Gomez: Change and Stasis


Blind Pilot

The Fillmore

San Francisco, CA

July 31, 2009

The possibility of reinvention, the capacity for change, is not only the foundation of hope for a better life but is inherently human and intrinsic to our perception and experience of life. I’ve been thinking a lot about change as entropy sinks into my skin and I notice the creaking of my bones growing a little bit louder as the weeks, months and years sail past. I am not the same person I was even seven years ago - literally. Many scientists believe that the molecules of every cell in your body are in a constant state of flux and regenerate every 7 years- which means in 7 years, I could be George Clooney. Of course, if there wasn’t constant change, there wouldn’t be life at all. This is part of the ecstatic quality of music and the celebration of life in attending live shows. Music is not static, it unveils itself to us over time- during which the world is spinning, evolving, changing, along with the song and myself.

When I left the concert last night, I was mostly trying to puzzle out why Gomez is not more popular. They are tremendous song-writers and talented musicians. They sing songs about infatuation, lost love, living in the moment, quitting your job, bad relationships, good relationships and their music includes elements of hard rock, folk, psychedelia, blues, jazz. They are occasionally classified as a “jam band” but are far closer to the “indie/college” music scene. From one song to the next, and sometimes within each Gomez song, there is the possibility for quick change of tempo, key or even musical genre- yet the reinvention within and between songs is all done rather seamlessly. And their songs can stay in your head for weeks.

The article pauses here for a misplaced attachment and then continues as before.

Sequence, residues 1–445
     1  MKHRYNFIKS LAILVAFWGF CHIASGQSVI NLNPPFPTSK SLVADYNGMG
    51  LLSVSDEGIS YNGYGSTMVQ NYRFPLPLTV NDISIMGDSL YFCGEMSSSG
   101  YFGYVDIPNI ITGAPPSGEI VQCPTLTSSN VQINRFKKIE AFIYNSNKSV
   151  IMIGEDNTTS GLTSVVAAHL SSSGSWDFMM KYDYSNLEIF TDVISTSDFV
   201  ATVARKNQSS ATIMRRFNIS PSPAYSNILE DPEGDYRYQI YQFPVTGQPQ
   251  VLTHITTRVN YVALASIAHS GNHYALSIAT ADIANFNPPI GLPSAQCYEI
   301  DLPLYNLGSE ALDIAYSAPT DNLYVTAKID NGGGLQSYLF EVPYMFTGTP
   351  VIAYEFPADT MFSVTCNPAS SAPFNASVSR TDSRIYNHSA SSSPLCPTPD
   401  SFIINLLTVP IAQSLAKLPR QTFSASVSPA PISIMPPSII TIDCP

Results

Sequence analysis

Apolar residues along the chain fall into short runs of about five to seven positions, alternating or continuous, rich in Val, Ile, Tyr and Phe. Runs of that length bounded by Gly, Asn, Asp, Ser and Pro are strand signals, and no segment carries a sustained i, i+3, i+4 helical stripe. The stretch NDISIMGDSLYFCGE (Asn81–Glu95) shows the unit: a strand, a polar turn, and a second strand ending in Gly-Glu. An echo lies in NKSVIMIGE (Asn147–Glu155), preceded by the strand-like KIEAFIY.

Before Gomez, Blind Pilot opened the show with a very nice set of easy-on-the-ears folk rock tunes. Blind Pilot is definitely an up and comer. Their lead singer has a warm and appealing voice and the songs are well written, but they lack a bit of a spark. It was all a little too easy to listen to and not quite engaging- despite the trumpet and xylophone. I really love their song “The Story I Heard” which I can listen to over and over and hopefully this foreshadows a bright future. They are a band with great potential that I hope they realize.

Gomez is definitely a music critic’s band. They have repeatedly received the highest plaudits and awards during the 13 years that they have been together. I think part of their popularity problem and inability to really break through is that they have not been able to capture the energy of their live performances in their recordings. The highlights of last night’s performance were the current hit “Airstream Driver,” “Ruff Stuff,” “Devil Will Ride” and “Get Myself Arrested.” If you follow the links to these recordings, they are only half the quality, energy and excitement of the live versions last night. The reinvented arrangements added the extra spark that could change Gomez from a critic’s darling to a popular darling. But a part of me also doesn’t want that and wants Gomez to remain my own secret that no one’s heard of, just like a part of me doesn’t want to change and get any older. And that’s intrinsically human also.

For the Gomez neophytes: the most “pop”ular tunes “See The World,” “Girlshapedlovedrug,” and “How We Operate.”

Grizzly Bear and HWGM: Good to be in SF

Grizzly Bear
Here We Go Magic
The Fillmore
San Francisco, CA
June 21, 2009

Special Correspondent: Senior Musicologist Edie Hofmeister

Here We Go Magic!